It should be noted, the Carvana analysis was done on a Saturday (as has this one). At the very next trading session, CVNA posted lower, started its decline in earnest and never looked back.

Not saying that exact thing (timing it to the day) will happen with our next candidate real estate; as said before, part of Wyckoff analysis (a lot of it, actually) is straight-up intuition.

The good part from a computer manipulated and controlled market perspective, intuition can’t be quantified.

So, that’s your edge.

Let’s move on to ‘last time is not this time’ and see what the real estate market IYR, is telling us.

Weekly Chart, IYR

We’ve got the weekly un-marked chart of IYR, below.

The ‘alternation’ is there.

Here it is, close-up.

The first leg lower had some initial smoothness but quickly became choppy and overlapping.

Not so, now.

We’re essentially heading straight down.

Fundamentals

From a fundamental standpoint, real estate is finished. However, it’s been finished for a long time.

The fundamentals won’t and can’t tell anyone what’s likely to happen at the next trading session … or any other session.

The market itself (shown above) is saying the probabilities are for a continued decline; posting smooth long bars until some meaningful demand is encountered.

As shown on the last post, if the trading channel is in-effect, that (chart) demand is a long way down.

Positioning

Shorting IYR via DRV, has been covered in previous posts (search for DRV-22-02).

The following weekly chart, is marked up with two arrows.

Arrow No. 1

Initial short position via DRV was opened late in the day on April 28th; the day before the market broke significantly lower (not advice, not a recommendation).

Arrow No. 2

As the market headed lower during the week just ended, the size of the DRV position was increased by 36%.

Currently, the gain on the total position is about +22%.

At this juncture, the DRV stop is located well in the green in the unlikely event we get a sharp IYR, upward move in the coming week.

Summary

Under ‘normal’ conditions one could expect some kind of upward bounce in the days ahead.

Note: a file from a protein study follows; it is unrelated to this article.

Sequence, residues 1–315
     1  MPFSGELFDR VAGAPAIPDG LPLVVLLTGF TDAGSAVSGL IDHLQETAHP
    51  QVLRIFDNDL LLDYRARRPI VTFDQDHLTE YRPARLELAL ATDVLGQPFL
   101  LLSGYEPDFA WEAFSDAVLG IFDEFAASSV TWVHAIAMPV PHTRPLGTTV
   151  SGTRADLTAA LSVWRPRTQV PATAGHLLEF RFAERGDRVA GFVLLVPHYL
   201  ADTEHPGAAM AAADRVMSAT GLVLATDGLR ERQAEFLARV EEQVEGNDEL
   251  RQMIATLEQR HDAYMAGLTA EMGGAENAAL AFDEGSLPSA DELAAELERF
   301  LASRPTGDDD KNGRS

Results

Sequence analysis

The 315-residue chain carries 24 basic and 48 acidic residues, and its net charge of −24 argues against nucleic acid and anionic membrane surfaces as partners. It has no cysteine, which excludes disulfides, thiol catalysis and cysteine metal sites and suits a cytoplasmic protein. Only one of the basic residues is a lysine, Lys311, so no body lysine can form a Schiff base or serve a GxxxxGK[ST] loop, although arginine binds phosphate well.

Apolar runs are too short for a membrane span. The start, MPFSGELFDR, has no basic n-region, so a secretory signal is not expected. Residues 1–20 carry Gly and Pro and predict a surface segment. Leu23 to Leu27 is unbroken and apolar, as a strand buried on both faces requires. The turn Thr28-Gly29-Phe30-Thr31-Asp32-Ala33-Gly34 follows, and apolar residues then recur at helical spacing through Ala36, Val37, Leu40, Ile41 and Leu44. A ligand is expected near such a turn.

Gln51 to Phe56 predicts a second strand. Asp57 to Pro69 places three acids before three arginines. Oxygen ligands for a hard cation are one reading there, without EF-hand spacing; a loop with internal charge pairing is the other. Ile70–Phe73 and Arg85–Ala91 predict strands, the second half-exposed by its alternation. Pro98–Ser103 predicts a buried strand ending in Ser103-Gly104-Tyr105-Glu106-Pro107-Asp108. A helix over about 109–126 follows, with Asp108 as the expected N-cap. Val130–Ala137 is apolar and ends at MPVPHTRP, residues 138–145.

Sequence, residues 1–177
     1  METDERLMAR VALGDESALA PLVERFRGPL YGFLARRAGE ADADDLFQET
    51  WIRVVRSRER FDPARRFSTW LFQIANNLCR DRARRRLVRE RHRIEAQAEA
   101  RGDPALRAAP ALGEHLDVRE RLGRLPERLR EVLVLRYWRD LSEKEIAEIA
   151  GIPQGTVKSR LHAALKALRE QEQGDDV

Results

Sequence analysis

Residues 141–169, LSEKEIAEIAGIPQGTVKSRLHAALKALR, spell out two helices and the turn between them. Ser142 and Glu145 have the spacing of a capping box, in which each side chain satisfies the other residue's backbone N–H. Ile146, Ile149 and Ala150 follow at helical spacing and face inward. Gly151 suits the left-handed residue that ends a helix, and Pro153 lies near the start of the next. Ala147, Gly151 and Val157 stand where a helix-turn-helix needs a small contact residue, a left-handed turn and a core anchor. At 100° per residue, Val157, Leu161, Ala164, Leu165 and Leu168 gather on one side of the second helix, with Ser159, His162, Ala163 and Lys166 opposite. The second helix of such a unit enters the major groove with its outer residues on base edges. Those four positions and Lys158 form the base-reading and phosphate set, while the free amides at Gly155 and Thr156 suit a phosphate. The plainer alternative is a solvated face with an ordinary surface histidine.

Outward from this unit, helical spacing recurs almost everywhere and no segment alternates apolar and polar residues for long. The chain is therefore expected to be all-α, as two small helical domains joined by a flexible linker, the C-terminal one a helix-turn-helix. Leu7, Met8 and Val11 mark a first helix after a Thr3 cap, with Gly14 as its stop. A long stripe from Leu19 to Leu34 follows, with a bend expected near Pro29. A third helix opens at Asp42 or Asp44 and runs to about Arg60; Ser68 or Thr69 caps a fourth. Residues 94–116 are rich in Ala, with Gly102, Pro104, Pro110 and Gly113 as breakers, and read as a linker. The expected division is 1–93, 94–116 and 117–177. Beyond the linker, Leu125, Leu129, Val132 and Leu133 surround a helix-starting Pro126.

However, as shown already with big cap leader PLD, the situation’s anything but normal.

Highlighted in earlier posts, biotech is leading the way with SPBIO, currently down – 59.8%, from its highs.

Biotech IBB, with chief cook and (globalist) bottle washer Moderna (MRNA), is down – 36.2%.

As Dan from i-Allegedly has stated time and again, we’re already in a depression.

So, buckle your seatbelt Dorothy …

Stay Tuned

Charts by StockCharts

Note:  Posts on this site are for education purposes only.  They provide one firm’s insight on the markets.  Not investment advice.  See additional disclaimer here.

The Danger Point®, trade mark: No. 6,505,279

Carvana Has No P/E

No P/E

No Grade-Point

Another Animal House ?

Delta

‘All courses, … incomplete

If your biggest claim to fame is that you ‘invented’ a vending machine … you’ve got real problems.

No haggle pricing, thin margins and high volume, have already been pioneered by CarMax.

So, what’s left … you get to select your car with a token and vending machine?

Based on available data, in the past three years, CVNA had one profitable quarter. Those results were released in August, this year.

About a week after that, CVNA breaks its uptrend, goes sideways and now, is heading lower.

CVNA Trend Break

The daily chart has the arrow showing the only profitable quarter in three years.

On the other side of business, we have CarMax … where every quarter for the past ten-years has been profitable.

Double The Bubble

During the melt-down in 2007 – 2008, new cars on retail lots had window stickers that said ‘$10,000 Off List Price’.

We’re probably double the bubble of then. With that in mind, even CarMax looks poised to have a hard time.

As the economy (if you can call it that) falls off the cliff, one of these two (CMX, CVNA), is not likely to survive.

So, we can expect even deeper discounts.

However, this time, it’s likely to be a choice between buying food or buying the SUV at 70% – 80%, off retail.

On the positive side, that SUV can be put to work hauling fertilizer (if it can be found) for raised bed gardens. 🙂

Stay Tuned

Charts by StockCharts

Note:  Posts on this site are for education purposes only.  They provide one firm’s insight on the markets.  Not investment advice.  See additional disclaimer here.

The Danger Point®, trade mark: No. 6,505,279

Carvana: Ready To Crash

Carvana (CVNA) has no P/E ratio. 

It’s almost like Dean Wormer, discussing the Delta House’s grade-point average;  “Mr. Blutarsky, Zero-point-zero.”

From a chart perspective, CVNA has spent the past nine months forming a terminating wedge.

That wedge had a breakout to the downside during the last trading week of 2020.

No amount of positive bias last Thursday, (markets making new highs) was able to lift CVNA.

The stage is set.

Measured move from the nine-month wedge projects CVNA to the 87, area; a -63.7%, decline from current levels.

Charts by StockCharts

Note:  Posts on this site are for education purposes only.  They provide one firm’s insight on the markets.  Not investment advice.  See additional disclaimer here.